Further to the recent article about the new Dell 2xx7WFP range, A few users on Widescreengamingforum based in Malaysia and Australia reported that they recently received the AO1 revision of the 2407WFP:
yyeoh: " Just got my 2407 today after a 2 week wait. I'm happy to say that it's Made in China Rev A01. The firmware is V1B15 and panel is SAMWUXGA LTM240L2. Seems to be missing an 'm' in the panel number. Text is crisp and no obvious banding(lcds seem to always have banding when I look too closely). Looks like an excellent monitor and I'm happy with it."
thuanz: "...Showing banding and no text blurring. This is on desktop mode over DVI. The other modes show no blurring either. Banding seems to be less pronounced over VGA. (A01 revision)"
It looks like Dell are at least acknowledging the early reported problems and are working towards a fix for this. This appears to have been handled in a few ways, firstly with the LTM240ML2 panel update which some people have received with improved performance. Now it looks like the official A01 version has been released incorporating these fixes. Again, it is unclear which version the US and UK markets will receive, more news as it's available.
This has been reported across the net, but it doesn't hurt to have one more mention. The Dell 2007WFP has been plagued by some pretty bad banding problems on colour gradients since its release in the US and other foreign regions a month or so ago. This has lead to a lot of complaints and the banding can be pretty bad in many cases. We reported this issue as part of the recent article about changing trends in colour depth and it seems that many users have been effected by this problem.
However, Dell have recently announced on their US support forums that there will be a new firmware released to address the issue:
"Dell has a firmware update that adjusts the ACC (Adaptive Color and Contrast) & ACM (Active Color Management) features, eliminating the banding issue when using the Desktop mode. All of these monitors have three display modes: Desktop, Multimedia and Gaming. The firmware turns off Faroudja video processing in Desktop mode. It remains enabled in the other two modes. Essentially, the updated firmware allows users to choose whether they want the Faroudja video processing feature on or off."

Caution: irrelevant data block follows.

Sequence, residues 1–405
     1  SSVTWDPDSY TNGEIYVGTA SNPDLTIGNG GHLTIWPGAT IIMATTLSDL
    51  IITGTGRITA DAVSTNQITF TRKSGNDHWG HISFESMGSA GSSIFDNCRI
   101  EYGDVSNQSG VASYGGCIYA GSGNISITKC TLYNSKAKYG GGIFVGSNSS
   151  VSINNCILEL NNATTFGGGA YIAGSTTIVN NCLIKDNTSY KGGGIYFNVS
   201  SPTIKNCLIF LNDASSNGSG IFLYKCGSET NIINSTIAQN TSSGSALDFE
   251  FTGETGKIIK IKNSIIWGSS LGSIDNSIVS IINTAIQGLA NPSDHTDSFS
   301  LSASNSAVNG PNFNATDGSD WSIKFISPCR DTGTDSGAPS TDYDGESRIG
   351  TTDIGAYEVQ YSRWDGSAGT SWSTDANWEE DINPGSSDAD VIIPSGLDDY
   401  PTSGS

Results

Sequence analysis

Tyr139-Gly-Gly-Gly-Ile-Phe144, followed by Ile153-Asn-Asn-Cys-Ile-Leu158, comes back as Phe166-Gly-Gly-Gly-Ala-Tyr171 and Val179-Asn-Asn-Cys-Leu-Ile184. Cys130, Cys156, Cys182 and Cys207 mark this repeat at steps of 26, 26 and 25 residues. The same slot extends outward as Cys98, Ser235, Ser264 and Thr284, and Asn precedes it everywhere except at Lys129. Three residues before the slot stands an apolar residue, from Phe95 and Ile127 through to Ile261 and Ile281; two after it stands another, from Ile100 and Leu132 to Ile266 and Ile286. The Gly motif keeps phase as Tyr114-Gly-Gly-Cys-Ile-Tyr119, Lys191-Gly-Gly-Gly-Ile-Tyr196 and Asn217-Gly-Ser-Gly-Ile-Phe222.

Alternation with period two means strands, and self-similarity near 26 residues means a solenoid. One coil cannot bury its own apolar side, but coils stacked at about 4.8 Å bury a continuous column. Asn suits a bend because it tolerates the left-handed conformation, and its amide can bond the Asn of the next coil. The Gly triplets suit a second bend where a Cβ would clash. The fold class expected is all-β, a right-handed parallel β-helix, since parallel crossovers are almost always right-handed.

More info available on Dell's forums including this thread.
Dell have finally released the 2407WFP in the UK after the long wait since Japanese and US markets received these screens. Specs have been updated, and the design has been changed in line with Dell's 3007WFP. However, there have been some mixed reports in the US and Japan about colour banding issues on both this and more notably on the 2007WFP. It looks likely that it could be down to poor DVI firmware, but some users have reported some obvious banding on colour gradients, especially on the 2007WFP. Don't be too concerned with this, but I did feel it was worth noting. Hopefully once there have been some main stream reviews from the likes of BeHardware and THG, we will see some further information about both screens. If they are anything like their predecessors, they are bound to be popular!
Taken from Viewsonic Europe (April 2006):
Bright Dot: Improved provision for pixel errors
Above is Viewsonic's press release about this new policy. At the moment, this only covers their VP series (including the VP930, VP2030B etc) and not only covers fully dead pixels (black / white) but also any dead sub pixels (red/green/blue). This is excellent news and hopefully the other models in their range (VX-- models for example) will follow soon. Other manufacturers will surely have to release a similar policy to keep up, but there has always been caution over policies like this for obvious reasons. Viewsonic fail to mention in their release that nearly all pixel defects are caused during the manufacturing stage and are quite rare if they develop over time with normal use. As such, you have a couple of weeks to use the TFT and check for pixel defects to ensure it arrived to you in perfect condition.
Points of interest from these new models include the 5ms quoted response time for the new Samsung 204B. This is rated as the fastest panel so far in the 20" market. However, the screen is based on TN Film technology, something that not everyone is happy with. In practice, the 5ms TN panel doesn't really offer any real performance improvement compared with the 8ms TN models (BenQ FP202W for instance) and actually remains a little behind the responsiveness of the 8ms P-MVA models (Viewsonic VX2025WM, Belinea 102035W for example). - source, Hardware.fr